The O'Brien Project
Organized by: Grace Beckham
T H E O ‘ B R I E N P R O J E C T
The purpose of this page is to share part of my incredible experience in Tanzania this past May, in hopes to raise money that will go towards healthcare for the O’Brien School for the Maasai. The Maasai people are famously known as the Maasai Warriors, continue to practice polygamy, and for the most part, have no education or access to healthcare. The O’Brien School is the first for the Maasai living in Sanya Station, providing education to over 300 students, and empowering a younger generation with skills that can lead to more opportunities for a successful future. These students do not have access to consistent healthcare, something I can say that I take for granted every day. Some of the students and their families have never even seen a healthcare professional in their entire lives. Every penny raised will go towards solving this problem. To learn more, please read my story below, and watch a short video I made to the left. You may also visit their website: The O'Brien School
T H E S T O R Y
Hi! My name is Grace Beckham, born and raised in Atlanta, Georgia. I will be starting my final year (sadly) at the University of Georgia this fall. After several change-of-mind moments on what I want to do after college, I finally decided to major in Psychology, and I hope to be accepted into a Physician-Assistant program after graduation. But this isn’t about me; it's about the Maasai Village of Sanya Station.
I applied and was accepted to be apart of an ISL (International Service Learning) team to Tanzania, a two-week program that provides free healthcare services to people in places that need it most. I’ve heard stories about life-changing experiences from people who have been on similar trips, but I had never even considered that 14 days could have such a drastic impact on my life. Well, they did.
Our first 3 days in Tanzania were spent working with the Maasai Tribe of Sanya Station. This was a group of people I had briefly read about in textbooks, but admittedly being separated by over 8,000 miles made them seem unreal to me. Well, there I was in Tanzania, in a van with 16 other people I had met less than 24 hours before, about to come face to face with people I had brushed off as “unreal”.
Day one in Sanya Station, our team was separated into groups of four, with the task of walking door to door to give out appointment times to anyone who needed healthcare. The appointments were free and would occur over the next two days at The O’brien School. Walking from house to house, each made out of dried mud with straw-thatched roofs, we booked appointment after appointment via our two translators (English to Swahili, Swahili to Maasai).
The next two days, our groups from the day before saw patient after patient. Some had walked miles to see us, others were students of the school. It was not uncommon to have a patient who had never been to a hospital, had never seen a doctor, or didn’t even know their own age. With our translators, we recorded as much family and personal history as possible, took vitals, and recorded the symptoms they were experiencing. Two doctors from Tanzania accompanied our group. They would assess our recordings and the patient once more and then would write them a prescription of medicine that our team had brought from the US. Over the two days, we helped over 100 people, but some were left untreated. I knew going into the trip that we would not be able to help every patient, but what I didn’t expect was the overwhelming feelings I had when this actually happened.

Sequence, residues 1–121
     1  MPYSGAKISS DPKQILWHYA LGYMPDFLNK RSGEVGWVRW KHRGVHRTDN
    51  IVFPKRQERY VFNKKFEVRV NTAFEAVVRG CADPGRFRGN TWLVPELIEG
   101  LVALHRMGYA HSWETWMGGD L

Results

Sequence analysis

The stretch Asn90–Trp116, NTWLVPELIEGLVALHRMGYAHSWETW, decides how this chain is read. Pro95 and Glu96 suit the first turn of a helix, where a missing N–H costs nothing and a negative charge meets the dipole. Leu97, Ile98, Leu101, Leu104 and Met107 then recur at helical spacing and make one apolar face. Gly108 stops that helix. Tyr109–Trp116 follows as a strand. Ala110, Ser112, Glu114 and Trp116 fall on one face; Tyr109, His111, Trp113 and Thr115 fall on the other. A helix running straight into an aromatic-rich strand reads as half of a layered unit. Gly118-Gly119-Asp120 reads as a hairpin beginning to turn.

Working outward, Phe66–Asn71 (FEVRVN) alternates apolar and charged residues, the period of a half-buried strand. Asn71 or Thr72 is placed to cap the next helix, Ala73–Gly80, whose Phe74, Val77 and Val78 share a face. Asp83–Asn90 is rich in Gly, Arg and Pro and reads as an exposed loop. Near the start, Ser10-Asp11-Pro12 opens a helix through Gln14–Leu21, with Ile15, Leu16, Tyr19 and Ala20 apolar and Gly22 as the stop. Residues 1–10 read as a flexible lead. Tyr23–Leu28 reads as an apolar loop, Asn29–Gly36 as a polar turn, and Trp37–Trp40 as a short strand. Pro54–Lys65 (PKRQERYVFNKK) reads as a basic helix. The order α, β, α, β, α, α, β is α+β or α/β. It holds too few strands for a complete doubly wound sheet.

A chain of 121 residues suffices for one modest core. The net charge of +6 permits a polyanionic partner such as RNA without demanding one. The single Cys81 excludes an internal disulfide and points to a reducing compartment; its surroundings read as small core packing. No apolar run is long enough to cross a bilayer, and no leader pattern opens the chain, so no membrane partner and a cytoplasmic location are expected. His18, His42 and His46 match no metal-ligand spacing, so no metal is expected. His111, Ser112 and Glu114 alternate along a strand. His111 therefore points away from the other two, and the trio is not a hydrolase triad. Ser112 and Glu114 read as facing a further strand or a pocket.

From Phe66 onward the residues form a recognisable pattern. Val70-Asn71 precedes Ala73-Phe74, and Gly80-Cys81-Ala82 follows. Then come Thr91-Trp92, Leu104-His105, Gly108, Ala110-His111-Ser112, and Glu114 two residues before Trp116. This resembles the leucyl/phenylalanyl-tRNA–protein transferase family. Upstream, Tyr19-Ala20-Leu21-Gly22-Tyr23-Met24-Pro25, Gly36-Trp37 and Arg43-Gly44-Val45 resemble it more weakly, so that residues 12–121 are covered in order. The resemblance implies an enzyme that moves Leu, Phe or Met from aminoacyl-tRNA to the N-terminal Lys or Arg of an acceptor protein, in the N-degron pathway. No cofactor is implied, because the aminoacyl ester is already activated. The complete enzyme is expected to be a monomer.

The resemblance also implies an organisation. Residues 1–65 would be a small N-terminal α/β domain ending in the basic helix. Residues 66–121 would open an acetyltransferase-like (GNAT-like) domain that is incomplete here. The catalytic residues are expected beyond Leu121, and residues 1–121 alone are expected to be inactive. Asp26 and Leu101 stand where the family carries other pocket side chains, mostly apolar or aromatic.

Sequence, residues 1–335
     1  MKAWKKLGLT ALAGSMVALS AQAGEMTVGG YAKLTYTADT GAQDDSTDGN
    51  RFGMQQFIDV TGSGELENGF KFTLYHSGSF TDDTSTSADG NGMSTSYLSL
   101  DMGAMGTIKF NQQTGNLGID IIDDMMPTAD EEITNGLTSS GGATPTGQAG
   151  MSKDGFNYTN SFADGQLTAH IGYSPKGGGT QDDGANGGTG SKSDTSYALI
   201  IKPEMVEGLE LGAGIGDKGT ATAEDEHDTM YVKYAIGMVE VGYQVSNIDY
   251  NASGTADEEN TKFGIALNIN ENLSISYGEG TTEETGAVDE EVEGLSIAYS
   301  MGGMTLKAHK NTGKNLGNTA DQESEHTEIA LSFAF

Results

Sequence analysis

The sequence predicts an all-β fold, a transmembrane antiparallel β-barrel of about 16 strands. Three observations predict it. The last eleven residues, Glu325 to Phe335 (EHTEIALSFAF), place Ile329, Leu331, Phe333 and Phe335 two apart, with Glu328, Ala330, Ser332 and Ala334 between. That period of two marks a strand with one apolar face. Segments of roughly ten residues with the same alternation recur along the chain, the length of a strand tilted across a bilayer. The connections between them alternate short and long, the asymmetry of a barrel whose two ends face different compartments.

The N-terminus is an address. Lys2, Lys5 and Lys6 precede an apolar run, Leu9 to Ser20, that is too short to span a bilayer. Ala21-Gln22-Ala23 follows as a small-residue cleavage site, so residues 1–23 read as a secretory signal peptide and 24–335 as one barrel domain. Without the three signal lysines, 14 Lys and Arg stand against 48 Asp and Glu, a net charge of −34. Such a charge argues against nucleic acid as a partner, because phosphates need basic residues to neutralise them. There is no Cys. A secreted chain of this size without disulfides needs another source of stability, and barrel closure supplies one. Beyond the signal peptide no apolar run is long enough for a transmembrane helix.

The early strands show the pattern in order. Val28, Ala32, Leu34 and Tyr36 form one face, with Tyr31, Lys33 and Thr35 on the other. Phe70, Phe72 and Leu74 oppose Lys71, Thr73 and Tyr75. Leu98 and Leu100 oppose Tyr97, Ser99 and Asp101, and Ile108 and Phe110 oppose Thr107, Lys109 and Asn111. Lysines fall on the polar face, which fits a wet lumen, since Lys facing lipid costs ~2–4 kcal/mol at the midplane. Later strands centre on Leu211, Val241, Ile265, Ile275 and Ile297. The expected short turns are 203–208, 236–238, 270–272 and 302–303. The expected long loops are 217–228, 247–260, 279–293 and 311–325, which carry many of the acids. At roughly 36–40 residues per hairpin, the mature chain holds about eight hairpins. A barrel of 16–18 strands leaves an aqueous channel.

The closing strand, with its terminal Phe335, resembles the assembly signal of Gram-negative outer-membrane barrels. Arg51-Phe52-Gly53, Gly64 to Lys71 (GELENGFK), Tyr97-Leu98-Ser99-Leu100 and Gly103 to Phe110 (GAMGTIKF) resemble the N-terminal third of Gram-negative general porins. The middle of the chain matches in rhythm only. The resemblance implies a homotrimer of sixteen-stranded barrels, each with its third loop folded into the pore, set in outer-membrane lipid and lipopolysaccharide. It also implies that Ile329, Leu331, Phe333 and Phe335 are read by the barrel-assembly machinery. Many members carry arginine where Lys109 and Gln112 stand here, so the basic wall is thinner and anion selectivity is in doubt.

What I learned from my experience in Tanzania was much more than I had ever hoped to. At first, all the patients were hesitant, which makes sense. We were complete strangers, didn’t speak a word of their language, but were there to help them for free? I don’t think I would believe it either. But after spending time with them, their eyes began to change. I remember one woman who had brought her two sons that needed to be treated. Being a protective mother, she was closed off at first, but by the time the appointment was over, she looked at each of us in a way I will never forget. There was genuine appreciation, like she finally trusted us. Her boys would laugh and play with us while we were waiting for the doctor, and she laughed with us. Language was no longer important. We had made a connection that we both understood each other completely.
The Maasai that I had the privilege of meeting were the most incredible people I have ever met. We live in the richest country in the world, yet they are so much richer. I felt the strength of their community just by being in their presence. Their appreciation for family values, love, patience, and happiness are the exact things we traded in for iPhones and internet. As much as the people of Maasai believe we helped them in our short three days, they helped us so much more.
Since arriving back home, I have tried to organize all my thoughts and emotions from the trip but can only come up with one logical sentence: I cannot possibly explain how much Tanzania gave to me. It has opened my eyes to how many people still do not have access to healthcare. Not a day has gone by that I haven’t thought of that beautiful mother and her two adorable sons as well as the rest of the Maasai community. I hope one day I can return and help all the people we didn’t get a chance to, but I know I can’t just ignore them until that happens. I hope this small glimpse into my experience helps raise money to bring the Maasai tribe healthcare, something that no one should be denied.
Thank you so much for reading, and any donation will help.